RSS

most anticipated animated films of 2010, part 2

21 Jan

Well, hello, The Internet!

It’s Thursday, and therefore time to conclude my Most Anticipated Animated Films of 2010.  Aren’t you excited?  I know that you’ve been gearing up for the occasion.  Guacamole has been made.  You’ve dug out your collectible Saturday Jane baseball caps, first edition.  Well, wait no more, loyal friends!  Here it is, in all of its belated glory, now with 60% more opinions!

Let’s open it up with some Disney!

Rapunzel

Some credit Disney’s decision to do another traditional fairy tale on the success of The Princess And The Frog, but actually, Rapunzel has been in development longer than anybody in the Mouse House would care to admit.  It began as a Shrek-like effort to update the original with the title Rapunzel: Unbraided, and a plot out of a half-hour cartoon special.  A pair of dysfunctional modern sweethearts get somehow transported to the world of Rapunzel, and through trying to get home, they both learn a little, laugh a little, and love a lot.

COMEDY GOLD.

Wait, her hair is SHORT? But...she's supposed to be RAPUNZEL! This is outrageous! Blasphemy! SACRILEGE.

Oh, wait wait wait. I see where you were going with that now.

Disney, along with everyone else, thought this was a little bit lamesauce, and tried again.  The second go-round saw a modern girl (again with the modern) getting transported into Rapunzel’s world and turning into the long-haired princess, while the original Rapunzel got turned into an indignant squirrel.  A little better.  There could be some fun ‘don’t ruin my body, that’s mine!’ scenes (zany!) and they could even pull off an ironic sort of learning to be yourself by being somebody else thing.  But alas, this also was not meant to be.

The latest iteration (and the one with the most work on it by far) has Rapunzel as a period princess with guts.  The film has been described by John Lasseter, studio head, as having a lot of  ‘girl power’, which just reminds me of platform shoes and gossip about Ginger Spice.  Anyway, Rapunzel (voice of Mandy Moore) is somehow kidnapped by a charming rogue (voice of Chuck’s Zachary Levi) and then the rest of the movie happens.

I keep typing 'Rapnuzel' instead of 'Rapunzel'. I was going to say something wittier here, but I got distracted.

Ta-Da.

Admittedly, the story sounds okay.  I’m a sucker for a cliche done right, and if the love story is sweet enough, I’ll cry at the end and applaud and see it eight more times.  But really, my anticipation for Rapunzel doesn’t come from its plot, but its animation.

The film was originally helmed by Glen Keane, the guy who is responsible for the animation and character design in The Little Mermaid, Rescuers Down Under, Tarzan, Beauty and the Beast, Pocahontas, and Aladdin.  With a pedigree like that, it’s no wonder that the Pixar-owned Disney Animation Studios was eager to get him as director.  Keane decided to do the film CGI style (making it the first ever CGI musical) but wanted to add a little something extra.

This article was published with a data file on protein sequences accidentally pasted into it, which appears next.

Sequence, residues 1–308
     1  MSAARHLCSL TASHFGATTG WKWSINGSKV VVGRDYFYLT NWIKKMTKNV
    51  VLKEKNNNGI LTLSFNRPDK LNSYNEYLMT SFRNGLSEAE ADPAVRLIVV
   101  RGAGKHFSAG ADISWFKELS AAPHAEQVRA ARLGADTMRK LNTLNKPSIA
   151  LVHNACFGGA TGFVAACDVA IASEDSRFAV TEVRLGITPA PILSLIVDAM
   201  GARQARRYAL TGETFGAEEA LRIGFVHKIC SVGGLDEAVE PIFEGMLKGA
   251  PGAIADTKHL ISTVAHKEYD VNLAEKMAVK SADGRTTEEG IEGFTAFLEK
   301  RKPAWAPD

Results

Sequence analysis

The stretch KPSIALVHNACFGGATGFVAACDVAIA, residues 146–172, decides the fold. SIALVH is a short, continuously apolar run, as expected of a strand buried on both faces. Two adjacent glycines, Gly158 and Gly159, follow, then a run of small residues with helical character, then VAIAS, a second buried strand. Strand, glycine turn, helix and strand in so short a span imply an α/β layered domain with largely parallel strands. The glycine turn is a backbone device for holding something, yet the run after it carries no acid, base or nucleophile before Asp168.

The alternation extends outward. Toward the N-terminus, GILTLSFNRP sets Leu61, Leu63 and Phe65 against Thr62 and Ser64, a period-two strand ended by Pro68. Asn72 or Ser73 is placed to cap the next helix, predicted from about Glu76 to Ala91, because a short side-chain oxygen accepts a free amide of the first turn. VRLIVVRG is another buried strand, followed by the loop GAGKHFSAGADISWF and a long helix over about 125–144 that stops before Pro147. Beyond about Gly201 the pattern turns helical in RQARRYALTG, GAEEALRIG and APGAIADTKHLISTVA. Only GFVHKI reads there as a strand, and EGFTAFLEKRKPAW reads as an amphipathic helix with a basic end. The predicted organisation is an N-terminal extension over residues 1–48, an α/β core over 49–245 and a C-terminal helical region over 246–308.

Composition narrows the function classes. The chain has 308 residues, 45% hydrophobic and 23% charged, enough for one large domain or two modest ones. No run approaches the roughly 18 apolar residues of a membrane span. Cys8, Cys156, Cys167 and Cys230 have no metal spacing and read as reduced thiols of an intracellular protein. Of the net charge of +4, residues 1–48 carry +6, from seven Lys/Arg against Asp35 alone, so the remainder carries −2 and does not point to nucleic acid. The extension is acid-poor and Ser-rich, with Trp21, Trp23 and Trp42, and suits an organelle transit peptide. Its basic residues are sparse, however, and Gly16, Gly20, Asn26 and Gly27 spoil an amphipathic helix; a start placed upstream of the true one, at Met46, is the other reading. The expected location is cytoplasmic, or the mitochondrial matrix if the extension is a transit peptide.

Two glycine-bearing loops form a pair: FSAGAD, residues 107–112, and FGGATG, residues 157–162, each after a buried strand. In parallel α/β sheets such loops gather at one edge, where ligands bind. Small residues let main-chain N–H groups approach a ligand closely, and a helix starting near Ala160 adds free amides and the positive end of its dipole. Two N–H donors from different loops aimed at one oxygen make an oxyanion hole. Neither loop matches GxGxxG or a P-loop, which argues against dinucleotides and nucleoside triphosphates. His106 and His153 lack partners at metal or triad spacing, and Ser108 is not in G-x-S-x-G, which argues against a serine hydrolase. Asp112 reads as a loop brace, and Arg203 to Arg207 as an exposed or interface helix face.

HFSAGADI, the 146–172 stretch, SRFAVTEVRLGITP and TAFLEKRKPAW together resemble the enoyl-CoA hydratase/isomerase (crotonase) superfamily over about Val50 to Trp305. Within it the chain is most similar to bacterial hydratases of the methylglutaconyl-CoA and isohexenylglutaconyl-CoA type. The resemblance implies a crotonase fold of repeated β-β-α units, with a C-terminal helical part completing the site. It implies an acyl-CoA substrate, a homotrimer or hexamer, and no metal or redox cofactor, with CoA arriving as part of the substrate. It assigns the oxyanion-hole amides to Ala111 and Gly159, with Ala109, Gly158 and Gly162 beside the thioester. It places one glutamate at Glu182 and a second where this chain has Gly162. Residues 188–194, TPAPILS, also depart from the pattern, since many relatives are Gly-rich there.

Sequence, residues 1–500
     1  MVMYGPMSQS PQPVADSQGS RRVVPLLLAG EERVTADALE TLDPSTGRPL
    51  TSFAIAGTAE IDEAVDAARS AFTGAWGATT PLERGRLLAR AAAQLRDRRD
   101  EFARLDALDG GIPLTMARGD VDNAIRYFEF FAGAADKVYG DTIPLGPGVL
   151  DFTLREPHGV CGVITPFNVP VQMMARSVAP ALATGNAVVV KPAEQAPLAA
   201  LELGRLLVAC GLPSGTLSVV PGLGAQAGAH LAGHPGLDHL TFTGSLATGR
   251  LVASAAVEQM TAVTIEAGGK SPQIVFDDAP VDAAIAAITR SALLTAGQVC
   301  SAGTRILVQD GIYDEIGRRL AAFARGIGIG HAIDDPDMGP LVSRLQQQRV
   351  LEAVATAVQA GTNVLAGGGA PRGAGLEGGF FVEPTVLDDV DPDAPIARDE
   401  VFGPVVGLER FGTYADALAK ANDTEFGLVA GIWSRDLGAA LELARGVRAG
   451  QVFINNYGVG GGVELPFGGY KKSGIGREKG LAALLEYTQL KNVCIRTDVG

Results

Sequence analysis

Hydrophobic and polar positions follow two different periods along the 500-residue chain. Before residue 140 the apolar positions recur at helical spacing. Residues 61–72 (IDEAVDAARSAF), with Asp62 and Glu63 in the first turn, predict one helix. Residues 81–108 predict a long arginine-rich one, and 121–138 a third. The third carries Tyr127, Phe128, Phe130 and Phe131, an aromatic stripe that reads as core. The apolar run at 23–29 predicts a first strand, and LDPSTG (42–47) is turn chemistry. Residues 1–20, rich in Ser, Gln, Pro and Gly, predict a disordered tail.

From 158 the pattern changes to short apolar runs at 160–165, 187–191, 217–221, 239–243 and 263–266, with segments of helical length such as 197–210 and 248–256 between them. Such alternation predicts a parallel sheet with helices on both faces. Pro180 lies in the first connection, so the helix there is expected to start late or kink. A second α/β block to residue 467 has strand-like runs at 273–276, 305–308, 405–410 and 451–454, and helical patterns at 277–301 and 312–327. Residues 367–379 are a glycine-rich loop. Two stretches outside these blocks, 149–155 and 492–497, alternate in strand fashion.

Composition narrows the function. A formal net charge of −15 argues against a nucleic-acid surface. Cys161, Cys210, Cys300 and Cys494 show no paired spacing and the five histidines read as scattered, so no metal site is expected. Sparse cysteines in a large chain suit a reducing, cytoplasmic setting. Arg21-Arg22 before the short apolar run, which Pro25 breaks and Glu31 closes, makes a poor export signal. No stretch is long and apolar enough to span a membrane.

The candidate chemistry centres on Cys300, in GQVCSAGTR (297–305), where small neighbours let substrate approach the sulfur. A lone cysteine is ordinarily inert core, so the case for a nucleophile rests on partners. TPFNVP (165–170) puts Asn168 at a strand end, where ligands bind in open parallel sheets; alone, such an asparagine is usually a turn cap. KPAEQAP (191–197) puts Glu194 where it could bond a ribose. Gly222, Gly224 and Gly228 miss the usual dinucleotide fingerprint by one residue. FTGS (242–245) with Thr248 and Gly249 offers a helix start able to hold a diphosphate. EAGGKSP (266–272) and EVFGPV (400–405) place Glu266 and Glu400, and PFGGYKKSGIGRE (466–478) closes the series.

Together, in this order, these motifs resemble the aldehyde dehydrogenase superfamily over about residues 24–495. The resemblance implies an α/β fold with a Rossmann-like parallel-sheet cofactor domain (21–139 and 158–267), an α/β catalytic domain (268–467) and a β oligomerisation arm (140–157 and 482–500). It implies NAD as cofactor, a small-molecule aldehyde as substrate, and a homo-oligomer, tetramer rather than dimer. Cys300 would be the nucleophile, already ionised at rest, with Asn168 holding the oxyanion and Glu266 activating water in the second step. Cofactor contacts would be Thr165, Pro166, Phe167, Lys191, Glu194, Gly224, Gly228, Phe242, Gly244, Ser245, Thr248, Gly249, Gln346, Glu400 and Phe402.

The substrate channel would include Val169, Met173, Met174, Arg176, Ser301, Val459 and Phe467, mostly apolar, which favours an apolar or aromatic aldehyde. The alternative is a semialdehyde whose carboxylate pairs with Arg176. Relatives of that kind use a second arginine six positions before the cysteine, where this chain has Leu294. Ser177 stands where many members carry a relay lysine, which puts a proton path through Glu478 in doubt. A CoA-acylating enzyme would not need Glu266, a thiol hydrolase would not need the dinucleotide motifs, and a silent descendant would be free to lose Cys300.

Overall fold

Work began to create a graphics engine that would allow the CGI to look less like terrifying balloon people, and more like a moving painting.  They focused on Jean-Honore Fragonard’s painting, The Swing as inspiration.  Keane’s goal was to bring “warmth and intuitive feel of hand-drawn to CGI”.

HAT

Not...EXACTLY Fragonard, but y'know. It's close. A little. She's blonde, at least.

Even though Keane stepped down as director due to non-life-threatening health concerns, the remaining Rapunzel team seems to be making a great deal of headway with his philosophy of animation.  As Disney’s 50th animated feature film, Rapunzel seeks to combine the charm of the company’s typical fare (musicals, princesses, fairytales) with modern technology and wit without sacrificing the qualities of either.  I’ll be eager to see how it all turns out.

Despicable Me vs. Oobermind

It happens frequently that two movies with suspiciously similar concepts are released by different studios at the same time.  The most blatant analogy would be Pixar’s A Bug’s Life and Dreamworks’ Antz (was the Z necessary?  I don’t believe the Z was necessary), a situation that earned Dreamworks much bile and bad press.

Well, instead of bugs, this time it’s supervillains.

On July 15th Universal Studios will release their Steve Carell vehicle Despicable Me, in which a lame super villain (Carell) who is constantly sick of being outdone by a more powerful villain (Jason Segel) plots to steal the moon in an effort to prove himself.  However, his plans are interrupted by three orphaned girls who want him as an adoptive father.

Gru, the world's Number #2 villain and star of Despicable Me. You can practically SMELL the character development!!